There is nothing that Germans take more seriously than their beer. Not football, not bread, not even rules. And German beer is awesome, don’t get me wrong, but it is really, really limited. In the 16th century the Reinheitsgebot was issued, stating: “”Furthermore, we wish to emphasize that in future in all cities, markets and in the country, the only ingredients used for the brewing of beer must be Barley, Hops and Water. Whosoever knowingly disregards or transgresses upon this ordinance, shall be punished by the Court authorities’ confiscating such barrels of beer, without fail.” (complete translation is here ). This has been amended to add a few other grains, but other than that, they stick to it like a holy document (although it doesn’t stop them from mixing it with all kinds of freakish things like banana juice and coca cola. Don’t get me started). It also makes finding non-domestic beer somewhat of an adventure, and other than a few big names like Becks, it’s often difficult to find non-regional German beer. What has this all got to do with anything, you might be asking yourself? Well, I am not a beer purist. From time to time I like to kick back with a Belgian Peche or a Guiness, and I have to truck down to the expensive supermarket and see what they have that particular week.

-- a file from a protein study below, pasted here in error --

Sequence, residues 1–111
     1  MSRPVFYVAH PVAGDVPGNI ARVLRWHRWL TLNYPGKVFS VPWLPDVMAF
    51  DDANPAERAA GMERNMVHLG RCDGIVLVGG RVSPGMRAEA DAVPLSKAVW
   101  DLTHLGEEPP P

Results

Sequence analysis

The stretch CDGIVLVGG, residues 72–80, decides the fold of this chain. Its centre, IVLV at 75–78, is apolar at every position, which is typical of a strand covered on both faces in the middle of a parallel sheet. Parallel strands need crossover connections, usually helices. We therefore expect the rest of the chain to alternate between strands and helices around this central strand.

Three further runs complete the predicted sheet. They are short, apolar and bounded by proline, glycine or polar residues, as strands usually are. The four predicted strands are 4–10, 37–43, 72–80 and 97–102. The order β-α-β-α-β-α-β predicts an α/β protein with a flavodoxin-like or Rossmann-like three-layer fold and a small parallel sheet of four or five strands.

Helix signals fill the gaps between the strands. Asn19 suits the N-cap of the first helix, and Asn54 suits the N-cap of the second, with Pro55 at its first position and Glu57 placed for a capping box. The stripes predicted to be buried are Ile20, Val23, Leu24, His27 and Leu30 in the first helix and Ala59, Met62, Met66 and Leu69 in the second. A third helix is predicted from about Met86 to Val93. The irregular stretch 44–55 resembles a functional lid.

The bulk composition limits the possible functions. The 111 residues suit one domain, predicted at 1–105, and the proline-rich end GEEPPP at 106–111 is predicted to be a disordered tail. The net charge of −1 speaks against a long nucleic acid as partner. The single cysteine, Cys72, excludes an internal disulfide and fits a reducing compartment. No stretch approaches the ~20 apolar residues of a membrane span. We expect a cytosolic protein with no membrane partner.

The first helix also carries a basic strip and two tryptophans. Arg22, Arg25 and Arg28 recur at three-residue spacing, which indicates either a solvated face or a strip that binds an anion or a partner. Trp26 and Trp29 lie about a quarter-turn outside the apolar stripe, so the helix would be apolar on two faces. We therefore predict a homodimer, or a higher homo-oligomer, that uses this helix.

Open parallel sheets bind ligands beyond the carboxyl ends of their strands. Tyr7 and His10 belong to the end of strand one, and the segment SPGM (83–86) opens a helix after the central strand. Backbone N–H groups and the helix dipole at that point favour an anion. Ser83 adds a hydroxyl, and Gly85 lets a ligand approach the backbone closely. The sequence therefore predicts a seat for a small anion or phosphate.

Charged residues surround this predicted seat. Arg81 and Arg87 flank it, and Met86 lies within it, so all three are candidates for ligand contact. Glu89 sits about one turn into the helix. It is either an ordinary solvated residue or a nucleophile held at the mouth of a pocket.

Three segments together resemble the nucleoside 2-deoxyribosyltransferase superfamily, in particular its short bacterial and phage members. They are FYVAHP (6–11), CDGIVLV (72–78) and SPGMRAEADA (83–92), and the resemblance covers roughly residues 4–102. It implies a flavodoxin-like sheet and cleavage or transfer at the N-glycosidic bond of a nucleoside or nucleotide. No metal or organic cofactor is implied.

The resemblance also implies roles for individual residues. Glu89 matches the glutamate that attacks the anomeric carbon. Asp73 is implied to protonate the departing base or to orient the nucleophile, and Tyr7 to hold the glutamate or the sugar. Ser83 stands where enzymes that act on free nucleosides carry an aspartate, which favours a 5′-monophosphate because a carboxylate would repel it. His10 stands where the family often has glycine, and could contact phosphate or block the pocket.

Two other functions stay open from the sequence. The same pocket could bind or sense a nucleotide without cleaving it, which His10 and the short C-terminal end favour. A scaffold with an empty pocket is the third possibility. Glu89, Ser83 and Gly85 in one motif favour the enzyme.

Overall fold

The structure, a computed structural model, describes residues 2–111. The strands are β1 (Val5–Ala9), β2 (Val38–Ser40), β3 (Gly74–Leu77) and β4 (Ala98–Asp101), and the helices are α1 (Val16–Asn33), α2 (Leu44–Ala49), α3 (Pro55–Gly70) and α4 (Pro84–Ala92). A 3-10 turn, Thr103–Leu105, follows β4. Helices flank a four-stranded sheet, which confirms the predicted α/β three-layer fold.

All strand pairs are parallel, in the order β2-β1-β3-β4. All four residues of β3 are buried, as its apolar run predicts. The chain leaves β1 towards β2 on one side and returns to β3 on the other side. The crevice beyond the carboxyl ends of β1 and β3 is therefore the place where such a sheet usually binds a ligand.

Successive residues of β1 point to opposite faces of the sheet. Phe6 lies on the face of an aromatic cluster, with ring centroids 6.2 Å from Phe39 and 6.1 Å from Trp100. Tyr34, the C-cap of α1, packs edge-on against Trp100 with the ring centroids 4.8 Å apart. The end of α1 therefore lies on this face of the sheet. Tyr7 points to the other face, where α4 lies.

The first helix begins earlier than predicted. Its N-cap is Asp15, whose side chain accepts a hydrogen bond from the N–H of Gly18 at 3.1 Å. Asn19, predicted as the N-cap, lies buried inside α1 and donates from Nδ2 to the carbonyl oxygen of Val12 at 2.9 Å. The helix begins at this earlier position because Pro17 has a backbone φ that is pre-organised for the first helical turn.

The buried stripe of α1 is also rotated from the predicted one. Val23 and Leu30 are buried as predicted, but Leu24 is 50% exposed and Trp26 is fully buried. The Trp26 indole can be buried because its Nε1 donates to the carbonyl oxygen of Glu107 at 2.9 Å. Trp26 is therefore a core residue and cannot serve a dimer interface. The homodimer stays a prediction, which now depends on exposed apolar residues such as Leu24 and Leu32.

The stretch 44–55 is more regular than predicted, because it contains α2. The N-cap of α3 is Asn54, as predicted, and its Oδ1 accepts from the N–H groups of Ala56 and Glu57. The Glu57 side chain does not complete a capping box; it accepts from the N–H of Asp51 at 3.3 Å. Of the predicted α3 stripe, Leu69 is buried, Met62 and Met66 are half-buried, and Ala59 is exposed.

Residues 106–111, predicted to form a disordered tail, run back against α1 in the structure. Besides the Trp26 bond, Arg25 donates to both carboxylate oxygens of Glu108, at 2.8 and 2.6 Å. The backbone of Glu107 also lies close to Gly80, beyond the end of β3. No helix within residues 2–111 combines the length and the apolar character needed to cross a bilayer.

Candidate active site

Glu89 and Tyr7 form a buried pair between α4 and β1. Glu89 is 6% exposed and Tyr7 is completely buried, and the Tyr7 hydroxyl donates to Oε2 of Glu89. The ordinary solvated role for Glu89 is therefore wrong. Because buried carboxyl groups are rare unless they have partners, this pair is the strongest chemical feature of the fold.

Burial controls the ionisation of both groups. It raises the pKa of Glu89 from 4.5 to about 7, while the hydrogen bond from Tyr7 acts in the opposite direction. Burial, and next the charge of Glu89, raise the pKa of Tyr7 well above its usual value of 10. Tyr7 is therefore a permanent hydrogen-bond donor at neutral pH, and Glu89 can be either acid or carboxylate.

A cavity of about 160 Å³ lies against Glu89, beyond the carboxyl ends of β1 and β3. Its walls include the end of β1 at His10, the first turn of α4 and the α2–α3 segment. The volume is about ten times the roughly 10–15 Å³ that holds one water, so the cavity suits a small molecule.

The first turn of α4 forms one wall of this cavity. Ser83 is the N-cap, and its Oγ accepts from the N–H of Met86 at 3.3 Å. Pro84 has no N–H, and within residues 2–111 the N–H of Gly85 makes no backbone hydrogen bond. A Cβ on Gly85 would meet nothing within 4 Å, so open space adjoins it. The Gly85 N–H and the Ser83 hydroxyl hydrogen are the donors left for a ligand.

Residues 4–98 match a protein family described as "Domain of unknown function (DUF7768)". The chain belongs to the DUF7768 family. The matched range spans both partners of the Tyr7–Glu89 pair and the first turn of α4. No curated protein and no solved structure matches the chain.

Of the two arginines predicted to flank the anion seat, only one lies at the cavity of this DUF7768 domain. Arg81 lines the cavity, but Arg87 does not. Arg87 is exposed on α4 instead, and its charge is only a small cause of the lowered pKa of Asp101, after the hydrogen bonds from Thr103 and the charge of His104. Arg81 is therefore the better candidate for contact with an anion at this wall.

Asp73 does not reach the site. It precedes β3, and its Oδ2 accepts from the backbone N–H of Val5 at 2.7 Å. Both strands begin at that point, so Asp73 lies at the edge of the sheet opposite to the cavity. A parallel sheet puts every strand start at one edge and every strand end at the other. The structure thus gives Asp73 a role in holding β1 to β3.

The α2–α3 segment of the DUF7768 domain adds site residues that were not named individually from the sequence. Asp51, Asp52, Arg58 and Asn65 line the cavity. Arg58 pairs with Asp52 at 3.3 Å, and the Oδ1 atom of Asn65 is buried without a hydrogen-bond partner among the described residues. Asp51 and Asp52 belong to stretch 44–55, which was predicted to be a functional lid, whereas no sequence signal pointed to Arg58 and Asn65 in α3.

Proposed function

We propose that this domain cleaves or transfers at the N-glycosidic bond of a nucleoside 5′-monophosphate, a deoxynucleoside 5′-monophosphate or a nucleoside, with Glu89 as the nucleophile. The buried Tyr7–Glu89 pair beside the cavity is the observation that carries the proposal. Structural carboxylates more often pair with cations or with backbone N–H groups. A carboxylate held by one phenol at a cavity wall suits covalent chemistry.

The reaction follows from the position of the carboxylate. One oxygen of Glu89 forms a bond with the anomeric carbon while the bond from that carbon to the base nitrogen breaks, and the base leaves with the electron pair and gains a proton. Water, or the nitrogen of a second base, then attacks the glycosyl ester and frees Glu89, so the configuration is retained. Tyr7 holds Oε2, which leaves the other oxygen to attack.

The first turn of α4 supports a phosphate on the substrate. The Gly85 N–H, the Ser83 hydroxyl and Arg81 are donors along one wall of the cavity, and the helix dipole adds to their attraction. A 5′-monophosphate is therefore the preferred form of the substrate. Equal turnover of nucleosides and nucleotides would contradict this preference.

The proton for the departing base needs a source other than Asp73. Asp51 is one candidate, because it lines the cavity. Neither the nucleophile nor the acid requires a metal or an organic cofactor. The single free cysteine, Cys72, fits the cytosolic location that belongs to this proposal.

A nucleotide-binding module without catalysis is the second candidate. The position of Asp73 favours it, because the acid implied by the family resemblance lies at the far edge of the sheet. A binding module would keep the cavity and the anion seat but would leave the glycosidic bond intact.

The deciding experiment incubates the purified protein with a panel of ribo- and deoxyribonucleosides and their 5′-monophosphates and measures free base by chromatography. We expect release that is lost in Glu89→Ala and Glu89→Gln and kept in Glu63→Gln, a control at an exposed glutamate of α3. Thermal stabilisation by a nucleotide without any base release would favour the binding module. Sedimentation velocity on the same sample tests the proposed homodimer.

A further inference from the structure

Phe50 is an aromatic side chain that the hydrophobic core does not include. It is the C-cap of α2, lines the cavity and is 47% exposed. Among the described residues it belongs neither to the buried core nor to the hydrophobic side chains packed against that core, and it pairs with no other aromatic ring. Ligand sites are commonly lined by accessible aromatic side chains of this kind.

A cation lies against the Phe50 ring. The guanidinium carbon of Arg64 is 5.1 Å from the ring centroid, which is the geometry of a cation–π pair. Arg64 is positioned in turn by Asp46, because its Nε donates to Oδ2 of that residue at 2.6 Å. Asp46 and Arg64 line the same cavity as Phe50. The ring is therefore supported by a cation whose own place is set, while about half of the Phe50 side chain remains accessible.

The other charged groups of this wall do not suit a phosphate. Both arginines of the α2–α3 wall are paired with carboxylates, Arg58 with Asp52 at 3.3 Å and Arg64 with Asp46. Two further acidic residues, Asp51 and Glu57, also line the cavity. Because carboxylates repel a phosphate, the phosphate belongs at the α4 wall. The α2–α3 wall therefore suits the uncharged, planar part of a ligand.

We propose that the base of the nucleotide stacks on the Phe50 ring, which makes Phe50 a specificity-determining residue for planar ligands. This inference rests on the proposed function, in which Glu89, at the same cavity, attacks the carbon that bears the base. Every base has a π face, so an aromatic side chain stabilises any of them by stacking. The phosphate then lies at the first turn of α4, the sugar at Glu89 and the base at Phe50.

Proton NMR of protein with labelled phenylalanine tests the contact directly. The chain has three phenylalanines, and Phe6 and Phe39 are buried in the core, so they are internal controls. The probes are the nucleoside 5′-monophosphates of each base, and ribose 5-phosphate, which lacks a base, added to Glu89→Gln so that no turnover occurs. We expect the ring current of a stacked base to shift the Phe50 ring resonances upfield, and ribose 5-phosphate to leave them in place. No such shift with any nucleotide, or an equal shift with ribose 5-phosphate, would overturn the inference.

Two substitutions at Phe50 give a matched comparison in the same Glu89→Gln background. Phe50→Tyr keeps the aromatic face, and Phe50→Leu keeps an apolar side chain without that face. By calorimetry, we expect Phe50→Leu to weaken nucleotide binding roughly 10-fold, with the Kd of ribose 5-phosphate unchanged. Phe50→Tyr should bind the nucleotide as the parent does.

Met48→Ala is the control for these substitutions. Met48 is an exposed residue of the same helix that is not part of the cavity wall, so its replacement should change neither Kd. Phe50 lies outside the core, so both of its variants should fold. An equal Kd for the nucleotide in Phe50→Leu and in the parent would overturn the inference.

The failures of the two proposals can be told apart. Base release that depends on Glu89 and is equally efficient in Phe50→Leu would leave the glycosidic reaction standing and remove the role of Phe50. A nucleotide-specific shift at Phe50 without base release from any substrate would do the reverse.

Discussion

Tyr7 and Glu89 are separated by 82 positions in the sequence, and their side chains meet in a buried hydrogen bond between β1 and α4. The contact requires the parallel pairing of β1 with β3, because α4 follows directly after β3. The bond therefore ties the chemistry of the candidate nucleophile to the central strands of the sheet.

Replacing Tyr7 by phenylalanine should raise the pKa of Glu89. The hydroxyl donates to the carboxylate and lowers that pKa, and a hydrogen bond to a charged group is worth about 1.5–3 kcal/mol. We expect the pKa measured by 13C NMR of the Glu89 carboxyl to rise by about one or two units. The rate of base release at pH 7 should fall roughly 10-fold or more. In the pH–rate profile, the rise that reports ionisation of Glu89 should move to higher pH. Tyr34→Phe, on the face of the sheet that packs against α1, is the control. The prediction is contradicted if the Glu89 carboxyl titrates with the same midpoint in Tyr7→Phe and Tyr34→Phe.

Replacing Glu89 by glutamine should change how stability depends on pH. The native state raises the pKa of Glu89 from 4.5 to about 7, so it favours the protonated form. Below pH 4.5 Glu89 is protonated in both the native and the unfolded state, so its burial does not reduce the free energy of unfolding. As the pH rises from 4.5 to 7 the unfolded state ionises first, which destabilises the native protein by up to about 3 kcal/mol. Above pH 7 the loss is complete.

This weekend I plan on installing myself, my new Stormwatch comics and my beer on my balcony and not moving until Sunday evening, so off I went to Karstadt and found this:
And I would just like to say that I really do hope there is a heaven, so that whoever came up with the idea of brewing beer with whisky malt can go there. IT RULES.